Design in Health Edu: Health Law and Policy with Keegan Warren-Clem


February 2, 2021
Keegan Warren-Clem portrait

Law and policy are the system that underlies all others, and its design is quite deliberate, even if the consequences are not always. 

An adjunct professor dually appointed at The University of Texas School of Law and McCombs School of Business, Keegan Warren-Clem, J.D., LL.M., challenges students and residents to explore connections between health, poverty, and unmet legal needs.

She is a 2020 National Academy of Medicine Emerging Leader in Health and Medicine Scholar. Keegan is also the founding director of Medical-Legal Partnerships (MLP) at Texas Legal Services Center. Through MLP she and her team work collaboratively with health care providers to improve health outcomes in the clinical setting through legal assistance and education, and law-informed healthcare delivery transformation. Keegan is a veteran of the Army National Guard and is also a member of the Order of St. Joan of Arc, the highest civilian award given by the Army Armor and Cavalry Associations.

Keegan is currently guiding the inaugural cohort for the M.A. in Design focused on Design in Health in her Health Care Law and Policy course. She made time to discuss her thoughts on law, rowing, books and food. Read more below.

Q: What does the word or idea of design conjure for you?

KWC: Purposefulness, more than anything, I think. There’s a deliberateness about communication in all forms inherent in the concept of design.

Q: Where does law and policy intersect with design?

KWC: Everywhere. Law and policy are the system that underlies all others, and its design is quite deliberate, even if the consequences are not always.

More pragmatically, it is often said that law is bottomless, meaning that for every concept, there is precedent as old as humanity, and recognizing and understanding that feature is in so many ways the work that lawyers do.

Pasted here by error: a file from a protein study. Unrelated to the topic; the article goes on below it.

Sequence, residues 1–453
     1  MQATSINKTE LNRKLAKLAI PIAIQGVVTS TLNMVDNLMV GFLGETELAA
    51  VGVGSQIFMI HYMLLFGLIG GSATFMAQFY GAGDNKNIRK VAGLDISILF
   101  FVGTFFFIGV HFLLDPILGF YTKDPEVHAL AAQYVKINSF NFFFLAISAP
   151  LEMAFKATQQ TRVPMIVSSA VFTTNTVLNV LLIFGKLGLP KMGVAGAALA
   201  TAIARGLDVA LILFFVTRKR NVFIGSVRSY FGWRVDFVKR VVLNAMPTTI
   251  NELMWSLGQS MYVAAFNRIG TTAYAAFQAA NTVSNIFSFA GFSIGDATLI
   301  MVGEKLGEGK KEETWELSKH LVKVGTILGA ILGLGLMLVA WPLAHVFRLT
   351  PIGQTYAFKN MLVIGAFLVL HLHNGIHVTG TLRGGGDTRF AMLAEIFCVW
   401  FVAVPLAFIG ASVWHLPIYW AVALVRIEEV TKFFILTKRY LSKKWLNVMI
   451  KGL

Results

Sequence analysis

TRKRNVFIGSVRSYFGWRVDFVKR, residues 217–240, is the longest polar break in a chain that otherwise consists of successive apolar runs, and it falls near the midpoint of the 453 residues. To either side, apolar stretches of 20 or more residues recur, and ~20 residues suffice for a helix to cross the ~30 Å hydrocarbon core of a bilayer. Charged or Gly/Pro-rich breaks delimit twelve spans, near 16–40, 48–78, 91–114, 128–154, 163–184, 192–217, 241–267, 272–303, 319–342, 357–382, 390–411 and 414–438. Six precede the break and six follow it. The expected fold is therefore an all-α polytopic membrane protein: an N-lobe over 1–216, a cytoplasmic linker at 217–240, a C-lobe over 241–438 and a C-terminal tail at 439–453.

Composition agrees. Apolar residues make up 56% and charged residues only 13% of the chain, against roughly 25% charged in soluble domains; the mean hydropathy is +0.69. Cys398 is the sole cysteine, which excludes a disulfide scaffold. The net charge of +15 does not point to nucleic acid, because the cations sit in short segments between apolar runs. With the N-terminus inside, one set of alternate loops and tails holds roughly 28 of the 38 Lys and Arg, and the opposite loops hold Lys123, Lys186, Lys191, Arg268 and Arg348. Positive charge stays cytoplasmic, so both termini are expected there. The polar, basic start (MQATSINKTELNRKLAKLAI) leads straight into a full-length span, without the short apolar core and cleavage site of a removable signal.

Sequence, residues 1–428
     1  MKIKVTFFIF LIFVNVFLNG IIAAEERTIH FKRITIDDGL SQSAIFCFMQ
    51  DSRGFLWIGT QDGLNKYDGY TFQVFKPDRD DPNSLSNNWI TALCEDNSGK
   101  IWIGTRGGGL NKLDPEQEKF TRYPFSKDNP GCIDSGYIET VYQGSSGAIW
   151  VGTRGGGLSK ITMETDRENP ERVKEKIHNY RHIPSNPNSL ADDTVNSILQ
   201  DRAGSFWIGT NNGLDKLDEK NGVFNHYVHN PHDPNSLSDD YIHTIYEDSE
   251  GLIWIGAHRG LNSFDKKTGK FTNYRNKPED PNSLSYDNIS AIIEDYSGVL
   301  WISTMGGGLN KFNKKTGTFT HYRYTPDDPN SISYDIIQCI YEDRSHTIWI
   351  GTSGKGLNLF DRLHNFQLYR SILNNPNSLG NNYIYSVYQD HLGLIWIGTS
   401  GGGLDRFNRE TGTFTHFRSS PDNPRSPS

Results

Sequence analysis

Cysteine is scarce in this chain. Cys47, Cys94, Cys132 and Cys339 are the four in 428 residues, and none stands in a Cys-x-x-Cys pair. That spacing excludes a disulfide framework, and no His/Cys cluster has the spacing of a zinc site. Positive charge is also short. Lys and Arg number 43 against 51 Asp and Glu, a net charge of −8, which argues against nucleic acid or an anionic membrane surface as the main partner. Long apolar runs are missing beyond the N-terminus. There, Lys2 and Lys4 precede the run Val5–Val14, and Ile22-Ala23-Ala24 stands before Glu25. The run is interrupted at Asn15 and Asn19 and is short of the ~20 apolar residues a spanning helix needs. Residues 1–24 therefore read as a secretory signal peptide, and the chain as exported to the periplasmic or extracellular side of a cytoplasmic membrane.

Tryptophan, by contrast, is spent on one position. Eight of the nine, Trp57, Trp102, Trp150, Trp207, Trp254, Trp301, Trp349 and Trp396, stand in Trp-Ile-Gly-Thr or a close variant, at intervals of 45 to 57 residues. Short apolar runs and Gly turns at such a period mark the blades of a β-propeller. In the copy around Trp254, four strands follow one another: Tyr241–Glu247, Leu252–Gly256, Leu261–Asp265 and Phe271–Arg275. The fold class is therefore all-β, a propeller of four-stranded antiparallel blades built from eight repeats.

And so when we are talking about the study and practice of law, we are necessarily talking about a simplified message that is accurate for the professional but also meaningful for the lay end-user, which I think is a fundamental purpose of design. Particularly in the access-to-justice movement, we spend a lot of time thinking about how we use design features, even if not expressly in that language, to boost legal knowledge and legal literacy.

Q: How has your path led you to health law and policy?

KWC: I’ve taken a path otherwise untraveled, I suspect, but it all converged in a prescription drug denial case I worked on as a volunteering second-year law student. I helped the attorneys of record win a case they initially thought unwinnable, and the federal prescription guidelines were changed as a result. So the client got what he needed, and the population of similarly situated persons saw increased access as well. But the initial problem was the lackluster advocacy efforts of the prescribing physician, who had no reason to understand the administrative schema that was driving the denial. That got me to thinking about the role of lawyers in increasing access to care, and then to acting to put that concept into action, and, well, here I am.

Q: Can you tell us a little bit about your current research?

KWC: I have several on-the-ground projects going on. One of particular interest is a patient-reported outcomes survey that looks at access to justice as a structural determinant of health. It is centered on legal interventions integrated into the delivery of health care through a national model known as medical-legal partnership. In other words, we’re generating data about the difference in subjective health outcomes that emerge when lawyers are a part of the health care team. 

Q: What's bringing you joy lately?

KWC: Always rowing, which is for me a form of active meditation and also nature-church; I seldom miss a Sunday-morning row.

Also, I just bought myself new Everything for my bedroom, save for a single floating shelf. It’s the most peaceful place now, and even my teenage daughters keep returning to the sitting area to just be.

Q: If you had to eat one meal every day for the rest of your life what would it be?

KWC: I’m a bit of a foodie, and I love to cook, so that’s hard. I definitely prefer all things savory to anything sweet. I particularly love creamy soups, but I don’t think I can narrow more than that!

Q: What is the last book you read?

KWC: “A Most Beautiful Thing”. It is the true story of this nation’s first all-Black high school rowing team in the mid-90s(!), a tale that combines many interests of mine, including how law has been used to exclude certain populations from health-affirming spaces of opportunity as well as crew.

For the first time in a very long time, I’m about to start a novel—“The Liar’s Dictionary”—so we’ll see how that goes.

What’s your most used emoji?

KWC: These days…


Black woman shrugging emoji

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